Family Law

What is Child Abuse?

Child Abuse is the physical or psychological mistreatment of a child by his or her parents (including adoptive parents) guardians or other adults. While this term emphasizes on carrying out wrong acts a related term is child neglect: not doing what is necessary negligence. The combined problem area is soften called Child Abuse and neglect. Below the term abuse is used in the generalized meaning which also includes neglect. Child abuse occurs in all classes of society.

child_abuse_01
child_abuse_02
child_abuse_03
child_abuse_04

Maladjusted psychological need may drive an adult to abuse a child. One thing in common among different types and degrees of abuse is failure to consider a child’s long-term interest.

Imposing malnutrition on a child can be a form of abuse depending on severity. For example causing a child to forfeit breakfast one morning might not be considered child abuse.

Symptoms

Among the symptoms that various professionals sometimes ascribe to and seek as signs of child abuse are:

A. Emotional Abuse

  • Emotional withdrawal/distance
  • Parental refusal of needed medical care
  • Premature sexual/romantic promiscuity for girls
  • Lack of sexual interest (e.g. dating) for boys (with respect to age cultural and religious beliefs)
  • Shyness
  • Child seems afraid of parents/care givers
  • Stunting of mental/emotional growth
  • Failure to look people in the eye
  • Temper tantrums/violence
  • Speech and language difficulties

B. Neglect (Under protection)

  • General dirtiness
  • General unhealthiness
  • Lice fleas and similar parasites
  • Parental refusal of needed medical care
  • Stunting of mental/emotional growth
  • Too thin not within normal weight range for age and gender
  • Alcohol/drug abuse by parents/care givers
  • Parents/care givers often (but not always) have low education and income

C. Physical Abuse Emotional withdrawal/distance over aggressive behavior (especially boys) distinctively shaped scars most especially:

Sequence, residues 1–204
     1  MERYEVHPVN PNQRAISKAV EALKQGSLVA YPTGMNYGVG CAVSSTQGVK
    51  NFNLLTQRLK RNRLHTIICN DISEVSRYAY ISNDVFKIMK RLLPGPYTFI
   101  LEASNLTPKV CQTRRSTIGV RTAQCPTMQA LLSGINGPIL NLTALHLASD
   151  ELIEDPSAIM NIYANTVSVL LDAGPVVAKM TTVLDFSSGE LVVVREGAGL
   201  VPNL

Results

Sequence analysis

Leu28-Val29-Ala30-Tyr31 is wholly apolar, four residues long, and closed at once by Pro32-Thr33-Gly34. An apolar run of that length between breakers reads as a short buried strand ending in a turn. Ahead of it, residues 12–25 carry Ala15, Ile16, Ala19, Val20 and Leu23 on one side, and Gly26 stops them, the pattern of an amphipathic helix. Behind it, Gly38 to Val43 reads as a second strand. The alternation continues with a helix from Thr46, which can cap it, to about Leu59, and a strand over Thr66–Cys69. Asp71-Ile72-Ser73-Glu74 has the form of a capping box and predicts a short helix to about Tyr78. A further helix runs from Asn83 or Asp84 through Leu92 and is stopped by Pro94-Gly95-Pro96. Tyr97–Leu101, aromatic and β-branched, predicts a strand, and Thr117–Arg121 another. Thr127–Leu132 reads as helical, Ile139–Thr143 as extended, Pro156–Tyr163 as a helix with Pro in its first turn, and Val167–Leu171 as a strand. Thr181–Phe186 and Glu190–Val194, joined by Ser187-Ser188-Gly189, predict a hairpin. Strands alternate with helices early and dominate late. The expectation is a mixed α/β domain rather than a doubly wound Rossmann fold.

• Any second-degree burn associated with stoves fire or boiling water
  • Belt buckles genital modification and mutilation circumference burns without splash burns
  • Cigarette/cigar burns
  • Spirals (as in a typical stovetop burner)
  • Whips (and similar objects)
  • Temper tantrums/violence
  • Parental refusal of needed medical care
  • Child seems afraid of parents/care givers
  • Bullying of other children
  • Alcohol abuse by parents/care givers
  • Shaken baby syndrome

D. Sexual Abuse (see also Age of consent)

  • Emotional withdrawal/distance
  • Iinjured vagina or anus
  • Semen in the vagina or anus
  • Parental refusal of needed medical care
  • Unusually early preoccupation with sex

E. Isolation and Over Protection

  • Emotional withdrawal/distance
  • Shyness; few if any friends
  • Stunting of mental/emotional growth
  • Excelling at school in younger years then gradually doing poorly in the teen years
  • Failure to look people in the eye
  • Temper tantrums/anger/violence directed only at parents/care givers (otherwise very well-behaved)
  • Speech and language difficulties
  • Fearful and afraid of new relationships
  • Lack of sexual interest (e.g. dating) for boys (with respect to age cultural and religious beliefs)
  • Procrastination as the child becomes older and more independent
  • Unable to take care of self with respect to age
  • Being bullied by other children
  • Child rarely seen in public (except possibly school)
  • Parents/care givers often (but not always) well educated
  • Greater risk if family resides in outlying suburban or rural area